It started, like our previous deep dives into Japan and Spain, with two words: Dear Tony. Read the correspondence.
Anthony Bourdain has been a part of R&K from the beginning—first as an inspiration, and more recently as a partner, a friend, and publisher. As we mourn the loss of a giant, we have this to offer as a tribute: a deep dive into a country that meant so much to Tony in the last few years. These emails between Tony and Matt Goulding, Tony’s partner at Roads & Kingdoms and the author of this book, show how Tony felt about telling the story of Italy, its food and the people who make them—and how this book ultimately came to be.
I’m in a tough spot. Of all the people I know, I’m guessing you’re the one who will best appreciate my predicament. I write to you from Savigno, just outside Bologna, a town surrounded by sweet pignoletto vines and truffle-studded forests. Today is Easter, a day of liberation for the Italians, and splayed before me are the bones of half a dozen courses: ragù streaks, gnawed lamb ribs, pistachio dust. My blood runs with a mix of rendered pork fat and bitter spirits, six months in the underbelly of Italy’s food world hitting me down to the marrow. But it’s not my lipid profile I worry about; it’s the table full of grandmas and couples and new friends around me. Let me explain.
When I first left New York in 2010 in search of a new start, I set my coordinates for Emilia Romagna. There I would find a hilltop town, not unlike Savigno, powered by egg-rich pastas and slow-simmered sauces and single women with a penchant for lost Americans. Only a stopover in Barcelona and a fateful cerveza with a young Catalan I now call my wife kept me from my al dente destiny.
Granted, my vision was far from original. Most of the world dreams of Italy—of the pinup landscape porn, the cumulus clouds of cappuccino foam, the meals that stretch on like radioactive sunsets. It was those same dreams that drove me back here, that have me itching to capture this magic on the page. But lately, I’ve been having nightmares about Italy. Nightmares about what the Italians will think about another foreigner’s take on their traditions.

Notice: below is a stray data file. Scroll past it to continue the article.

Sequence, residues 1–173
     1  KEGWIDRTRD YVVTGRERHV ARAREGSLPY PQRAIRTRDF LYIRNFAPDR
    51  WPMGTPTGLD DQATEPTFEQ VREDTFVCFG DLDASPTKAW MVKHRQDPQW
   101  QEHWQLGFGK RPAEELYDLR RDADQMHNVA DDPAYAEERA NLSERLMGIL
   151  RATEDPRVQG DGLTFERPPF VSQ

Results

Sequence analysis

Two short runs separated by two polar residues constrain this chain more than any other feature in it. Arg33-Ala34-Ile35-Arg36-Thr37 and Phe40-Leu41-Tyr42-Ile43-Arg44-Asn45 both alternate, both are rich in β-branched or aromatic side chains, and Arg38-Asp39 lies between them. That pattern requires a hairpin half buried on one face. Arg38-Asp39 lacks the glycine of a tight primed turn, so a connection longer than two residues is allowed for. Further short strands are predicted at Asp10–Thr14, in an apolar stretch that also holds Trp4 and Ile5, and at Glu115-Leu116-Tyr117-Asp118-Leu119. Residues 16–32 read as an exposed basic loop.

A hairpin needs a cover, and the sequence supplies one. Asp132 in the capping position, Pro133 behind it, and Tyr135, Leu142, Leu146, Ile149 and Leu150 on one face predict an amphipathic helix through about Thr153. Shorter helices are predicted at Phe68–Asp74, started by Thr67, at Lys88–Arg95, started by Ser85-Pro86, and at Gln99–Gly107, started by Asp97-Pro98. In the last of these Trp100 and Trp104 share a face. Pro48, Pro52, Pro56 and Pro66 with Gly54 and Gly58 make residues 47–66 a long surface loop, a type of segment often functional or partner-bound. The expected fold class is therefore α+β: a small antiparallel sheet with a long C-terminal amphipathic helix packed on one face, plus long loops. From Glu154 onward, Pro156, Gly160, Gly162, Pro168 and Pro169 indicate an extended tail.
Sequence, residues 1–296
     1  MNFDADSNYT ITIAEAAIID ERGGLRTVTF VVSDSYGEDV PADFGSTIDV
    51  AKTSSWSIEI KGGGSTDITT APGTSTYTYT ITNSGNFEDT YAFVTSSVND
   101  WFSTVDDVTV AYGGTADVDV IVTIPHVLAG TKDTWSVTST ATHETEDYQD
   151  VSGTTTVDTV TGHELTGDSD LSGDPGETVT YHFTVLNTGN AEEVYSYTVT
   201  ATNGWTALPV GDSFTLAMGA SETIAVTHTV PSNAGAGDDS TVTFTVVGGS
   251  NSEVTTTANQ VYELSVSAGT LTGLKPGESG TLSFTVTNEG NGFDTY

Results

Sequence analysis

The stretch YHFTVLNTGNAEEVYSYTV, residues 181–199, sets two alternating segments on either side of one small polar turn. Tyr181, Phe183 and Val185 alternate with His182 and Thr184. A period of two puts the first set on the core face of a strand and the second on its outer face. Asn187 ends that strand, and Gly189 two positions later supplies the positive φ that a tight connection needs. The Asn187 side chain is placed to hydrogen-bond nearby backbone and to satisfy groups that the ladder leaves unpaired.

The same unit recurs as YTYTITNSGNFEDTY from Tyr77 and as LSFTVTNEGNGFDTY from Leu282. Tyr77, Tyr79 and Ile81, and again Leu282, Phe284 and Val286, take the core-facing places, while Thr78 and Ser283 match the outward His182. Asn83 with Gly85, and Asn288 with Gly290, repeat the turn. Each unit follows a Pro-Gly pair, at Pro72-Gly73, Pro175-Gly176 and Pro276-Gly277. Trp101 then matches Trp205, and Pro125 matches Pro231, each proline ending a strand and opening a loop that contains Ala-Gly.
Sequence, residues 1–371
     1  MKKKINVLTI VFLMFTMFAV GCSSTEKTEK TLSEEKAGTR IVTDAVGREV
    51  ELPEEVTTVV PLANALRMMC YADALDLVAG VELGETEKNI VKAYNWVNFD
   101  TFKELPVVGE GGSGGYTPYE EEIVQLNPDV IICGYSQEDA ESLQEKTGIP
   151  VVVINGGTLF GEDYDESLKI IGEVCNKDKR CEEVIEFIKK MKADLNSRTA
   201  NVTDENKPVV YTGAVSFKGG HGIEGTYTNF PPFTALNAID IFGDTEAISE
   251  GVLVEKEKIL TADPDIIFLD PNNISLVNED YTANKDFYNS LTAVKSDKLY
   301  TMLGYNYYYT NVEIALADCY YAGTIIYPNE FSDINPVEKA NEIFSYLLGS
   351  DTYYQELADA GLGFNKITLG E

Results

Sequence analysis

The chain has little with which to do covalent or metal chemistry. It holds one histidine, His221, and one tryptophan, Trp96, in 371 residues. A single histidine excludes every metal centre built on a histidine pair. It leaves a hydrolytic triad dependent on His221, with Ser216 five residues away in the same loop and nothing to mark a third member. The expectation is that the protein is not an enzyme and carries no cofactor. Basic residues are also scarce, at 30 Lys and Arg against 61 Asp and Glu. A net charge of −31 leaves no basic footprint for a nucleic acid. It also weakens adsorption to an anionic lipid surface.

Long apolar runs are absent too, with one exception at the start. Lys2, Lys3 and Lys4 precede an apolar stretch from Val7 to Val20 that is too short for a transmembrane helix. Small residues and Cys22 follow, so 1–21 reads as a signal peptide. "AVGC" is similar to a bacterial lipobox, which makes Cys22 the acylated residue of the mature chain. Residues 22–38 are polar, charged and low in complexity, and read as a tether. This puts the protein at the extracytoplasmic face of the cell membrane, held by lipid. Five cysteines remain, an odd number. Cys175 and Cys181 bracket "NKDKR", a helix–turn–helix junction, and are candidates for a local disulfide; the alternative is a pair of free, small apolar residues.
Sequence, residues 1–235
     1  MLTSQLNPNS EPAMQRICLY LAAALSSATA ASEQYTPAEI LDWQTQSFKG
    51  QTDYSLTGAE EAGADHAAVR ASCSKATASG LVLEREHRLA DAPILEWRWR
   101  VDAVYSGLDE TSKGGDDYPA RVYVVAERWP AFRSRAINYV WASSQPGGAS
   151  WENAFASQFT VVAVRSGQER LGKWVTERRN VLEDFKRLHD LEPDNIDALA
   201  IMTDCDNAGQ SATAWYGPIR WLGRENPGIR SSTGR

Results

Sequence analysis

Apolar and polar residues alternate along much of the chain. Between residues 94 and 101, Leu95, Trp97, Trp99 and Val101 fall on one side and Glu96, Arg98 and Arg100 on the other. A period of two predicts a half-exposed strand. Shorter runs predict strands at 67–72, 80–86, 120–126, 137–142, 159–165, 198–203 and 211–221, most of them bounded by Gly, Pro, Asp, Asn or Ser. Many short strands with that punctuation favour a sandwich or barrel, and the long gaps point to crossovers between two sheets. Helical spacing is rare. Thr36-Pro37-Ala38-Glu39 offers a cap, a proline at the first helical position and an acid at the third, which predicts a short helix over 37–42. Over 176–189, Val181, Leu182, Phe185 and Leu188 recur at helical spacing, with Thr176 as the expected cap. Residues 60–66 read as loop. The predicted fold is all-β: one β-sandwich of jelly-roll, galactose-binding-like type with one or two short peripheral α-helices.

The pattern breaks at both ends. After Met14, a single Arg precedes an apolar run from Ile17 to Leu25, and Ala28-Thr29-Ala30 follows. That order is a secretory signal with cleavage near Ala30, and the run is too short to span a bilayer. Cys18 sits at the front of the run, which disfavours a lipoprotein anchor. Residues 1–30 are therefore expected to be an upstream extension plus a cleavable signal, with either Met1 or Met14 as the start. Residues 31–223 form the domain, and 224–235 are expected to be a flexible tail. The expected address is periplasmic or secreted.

Nightmares about getting it wrong—about mistaking parmesan for pecorino, pancetta for guanciale, spaghettini for spaghettoni. I don’t mean nightmares in the figurative sense; I mean nightmares in the cold-sweat-and-sleepless-nights sense.
Nobody takes food more seriously than the Italians. I’ve seen family feuds break out over pasta shapes and grape varietals. No doubt you’ve been caught in the crossfire before. But these aren’t the petty beefs of food snobs—these cut to the core of what it means to be Italian. More than anywhere else in the world, food carries the full weight of Italy’s heritage: the pains and joys of its history, the depth of its ingenuity. Politicians are corrupt, democracy is fragile, borders are porous, but la cucina italiana is eternal.
At the end of the day, these are the people I want to surround myself with—the type that won’t hesitate to spit in my vino if I ask for parmesan with my spaghetti alle vongole. But they are also the ones I fear I will inevitably disappoint.
Does the world need another book about Italian food?
Am I walking into a trap?
The path you have chosen is indeed fraught with peril. The overwhelming instinct of ItaloPhiles like you and I is to romanticize, over sentimentalize and generally follow the well-worn tradition of soft-edged food porn when writing about Italy.
What is charming to us is often a frustration and even an affliction to Italians. The same political and cultural paralysis that keeps this beautiful collection of city states “real” also traps its citizens in a reality that often approaches the tragically surreal.
But one can be forgiven, I hope, for finding great joy, even epiphany in a bowl of pasta vongole (though not with cheese), a bottle of rustic wine, the simple things that seem the birthright of the average Italian.
Careening through Rome, late at night in a taxi, half-swacked on negronis, listening to Mina, remains magic. To lay eyes on a bowl of cacio e pepe, a plate of trippa, agnolotti, urchins in season, porchetta… that’s some powerful shit.
The mysteries of Italian parking, slang, law enforcement, hand gestures, dress, family relationships, superstitions, dialectal differences, slang, physical contact are unknowable yet enticing in that unknowability.
I’m still trying to figure it all out. It sounds like you are, too.